An international meeting in Jamaica to negotiate rules over deep-sea mining has ended with no green light to start industrial-scale mining and with an 11th-hour agreement to hold formal discussions next year on the protection of the marine environment.
The agreement ended intense week-long negotiations at the International Seabed Authority (ISA), an intergovernmental body based in Kingston that regulates sea-bed extraction, over a proposal spearheaded by Chile, France and Costa Rica and backed by a dozen countries to discuss a precautionary pause on deep-sea mining to ensure the protection of the marine environment.
China, which is keen to see mining go ahead, had blocked the motion for a discussion all week, but finally agreed to allow it on the agenda in 2024.
Gina Guillén Grillo, Costa Rica’s representative to the ISA, said it was “very disappointing that one country by themselves can kidnap the assembly”, where all member states have a voice, and “hoped the objecting country will honour their word” to allow discussion next year.
“We believe the protection of the marine environment is such a huge part of our obligation as member states,” she said.
Environmentalists welcomed the compromise as an “open door” to a proper discussion by the ISA assembly, which comprises 168 member states and the EU, on whether mining should go ahead at all. Overall, they said, “important strides forward” had been made towards the protection of the marine environment.
It was a crucial, three-week-long meeting of the ISA, a UN-affiliated body, which was under pressure to finalise rules governing mining by this month.
The ISA’s 36-member council, the body that oversees rules and regulations, decided it needed more time to finalise rules. Last week, in a decision that effectively delayed the start of any mining operations, it said it would work “with a view” to adopting regulations in 2025. The council did not decide how to consider any application requests that might arrive in the meantime, however, prompting criticism that a legal loophole remained open. In March, the council said exploitation should not be agreed until a mining code was agreed.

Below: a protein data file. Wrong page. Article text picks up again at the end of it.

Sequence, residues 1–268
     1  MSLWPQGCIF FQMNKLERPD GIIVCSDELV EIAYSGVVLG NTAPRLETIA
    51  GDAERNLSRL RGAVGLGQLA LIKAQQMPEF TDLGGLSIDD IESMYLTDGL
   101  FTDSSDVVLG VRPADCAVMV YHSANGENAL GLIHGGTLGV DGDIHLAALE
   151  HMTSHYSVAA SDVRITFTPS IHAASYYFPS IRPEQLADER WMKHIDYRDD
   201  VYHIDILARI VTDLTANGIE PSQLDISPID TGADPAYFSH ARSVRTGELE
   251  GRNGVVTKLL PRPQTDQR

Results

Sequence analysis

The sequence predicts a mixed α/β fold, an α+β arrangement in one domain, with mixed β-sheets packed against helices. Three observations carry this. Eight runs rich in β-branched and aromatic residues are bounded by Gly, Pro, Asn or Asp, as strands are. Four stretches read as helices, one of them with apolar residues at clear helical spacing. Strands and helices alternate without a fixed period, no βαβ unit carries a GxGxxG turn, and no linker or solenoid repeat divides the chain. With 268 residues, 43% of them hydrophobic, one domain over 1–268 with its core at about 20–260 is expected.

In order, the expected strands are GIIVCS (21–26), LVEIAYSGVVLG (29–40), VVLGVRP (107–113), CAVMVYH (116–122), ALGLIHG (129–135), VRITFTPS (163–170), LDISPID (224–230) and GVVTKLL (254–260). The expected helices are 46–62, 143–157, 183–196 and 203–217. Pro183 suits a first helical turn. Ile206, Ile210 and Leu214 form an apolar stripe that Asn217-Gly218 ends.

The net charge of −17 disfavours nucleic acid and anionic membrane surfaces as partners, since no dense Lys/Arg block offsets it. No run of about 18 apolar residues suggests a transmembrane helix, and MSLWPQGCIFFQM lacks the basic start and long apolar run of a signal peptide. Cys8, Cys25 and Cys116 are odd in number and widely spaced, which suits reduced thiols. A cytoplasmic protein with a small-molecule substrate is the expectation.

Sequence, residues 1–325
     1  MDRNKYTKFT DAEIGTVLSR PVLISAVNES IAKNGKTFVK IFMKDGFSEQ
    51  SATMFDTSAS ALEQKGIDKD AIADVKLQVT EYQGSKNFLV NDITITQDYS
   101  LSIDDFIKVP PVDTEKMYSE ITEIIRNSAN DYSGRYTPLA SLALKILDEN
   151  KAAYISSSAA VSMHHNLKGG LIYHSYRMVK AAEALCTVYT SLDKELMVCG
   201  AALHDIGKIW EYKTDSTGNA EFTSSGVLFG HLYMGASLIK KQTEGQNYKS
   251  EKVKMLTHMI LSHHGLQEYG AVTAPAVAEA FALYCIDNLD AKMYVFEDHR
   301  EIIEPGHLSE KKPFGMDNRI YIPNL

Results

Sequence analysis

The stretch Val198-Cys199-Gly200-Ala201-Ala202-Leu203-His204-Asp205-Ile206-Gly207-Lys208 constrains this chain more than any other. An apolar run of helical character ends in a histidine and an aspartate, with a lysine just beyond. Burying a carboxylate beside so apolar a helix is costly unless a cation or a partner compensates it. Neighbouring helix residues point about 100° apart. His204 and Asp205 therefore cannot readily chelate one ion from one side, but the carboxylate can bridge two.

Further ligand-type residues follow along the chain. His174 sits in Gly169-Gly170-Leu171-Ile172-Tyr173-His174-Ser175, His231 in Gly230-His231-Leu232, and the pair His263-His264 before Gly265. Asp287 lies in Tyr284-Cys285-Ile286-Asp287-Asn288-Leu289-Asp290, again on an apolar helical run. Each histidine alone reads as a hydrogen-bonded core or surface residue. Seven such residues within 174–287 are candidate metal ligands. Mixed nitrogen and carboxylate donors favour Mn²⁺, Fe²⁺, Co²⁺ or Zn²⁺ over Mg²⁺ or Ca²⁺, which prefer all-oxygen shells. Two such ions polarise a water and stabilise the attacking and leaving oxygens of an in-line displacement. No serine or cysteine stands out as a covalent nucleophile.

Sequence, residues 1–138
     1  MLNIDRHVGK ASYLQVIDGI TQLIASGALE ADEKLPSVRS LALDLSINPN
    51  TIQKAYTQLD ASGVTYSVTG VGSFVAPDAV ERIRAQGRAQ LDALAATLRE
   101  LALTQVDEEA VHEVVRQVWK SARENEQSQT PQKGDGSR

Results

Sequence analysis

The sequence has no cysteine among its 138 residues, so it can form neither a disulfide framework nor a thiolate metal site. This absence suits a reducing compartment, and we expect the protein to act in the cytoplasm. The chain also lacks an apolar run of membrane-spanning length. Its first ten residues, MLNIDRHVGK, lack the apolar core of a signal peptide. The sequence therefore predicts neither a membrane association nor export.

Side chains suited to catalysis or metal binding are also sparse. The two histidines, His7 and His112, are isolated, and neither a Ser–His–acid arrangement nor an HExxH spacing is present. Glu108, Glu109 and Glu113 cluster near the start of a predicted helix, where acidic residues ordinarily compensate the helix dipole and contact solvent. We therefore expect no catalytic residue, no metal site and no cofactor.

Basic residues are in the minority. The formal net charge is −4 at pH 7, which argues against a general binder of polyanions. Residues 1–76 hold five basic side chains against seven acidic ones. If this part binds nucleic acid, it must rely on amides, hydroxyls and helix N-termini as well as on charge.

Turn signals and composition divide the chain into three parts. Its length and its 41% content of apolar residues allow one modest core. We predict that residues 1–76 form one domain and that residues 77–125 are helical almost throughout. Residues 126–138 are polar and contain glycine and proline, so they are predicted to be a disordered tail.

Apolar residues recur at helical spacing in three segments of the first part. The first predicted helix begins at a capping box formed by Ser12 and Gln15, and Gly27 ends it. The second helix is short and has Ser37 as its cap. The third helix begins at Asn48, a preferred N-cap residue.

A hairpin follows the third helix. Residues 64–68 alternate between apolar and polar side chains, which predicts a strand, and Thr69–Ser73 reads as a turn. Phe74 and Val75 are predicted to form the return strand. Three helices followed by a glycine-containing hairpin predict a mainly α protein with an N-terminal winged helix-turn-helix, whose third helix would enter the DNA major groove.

In a speech last Wednesday, the French secretary of state for seas, Hervé Berville, reinforced France’s call for a ban on deep-sea mining: “We cannot and must not embark on a new industrial activity when we are not able to fully measure its consequences and therefore risk irreversible damage to our marine ecosystems.”
More than 20 countries in the assembly have called for a pause or ban. They argue that not enough is known about mining’s impact on deep-sea ecosystems to proceed. Brazil has called for a pause of 10 years, and several other countries have resisted.
Nauru’s president, Russ Kun, expressed disappointment that the ISA had not yet adopted regulations.
He told delegates: “We have a window of opportunity to support the development of a sector that Nauru considers has the potential to help accelerate our energy transition to combat climate change.”
Advocates for deep-sea mining say it is needed to meet the increasing demand for metals such as cobalt and nickel that are used in batteries powering the green transition from fossil fuels.
Louisa Casson, the global project leader for Greenpeace’s campaign to stop deep-sea mining, said: “These last three weeks have seen important strides forward for ocean protection. Industry really thought this was the moment when mining would go ahead.”
Sofia Tsenikli, of the Deep Sea Conservation Coalition, said: “What is clear is that the growing opposition to deep-sea mining has burst the ISA bubble, and pro-mining interests now know business as usual is over.
“The need to protect the ocean from the impacts of mining took centre stage inside and outside of the ISA during these weeks, despite efforts to silence the debate.”
Over the past month, the UN high commissioner for human rights, 37 global financial institutions, seafood groups, scientists and Indigenous groups have called for a halt to deep-sea mining.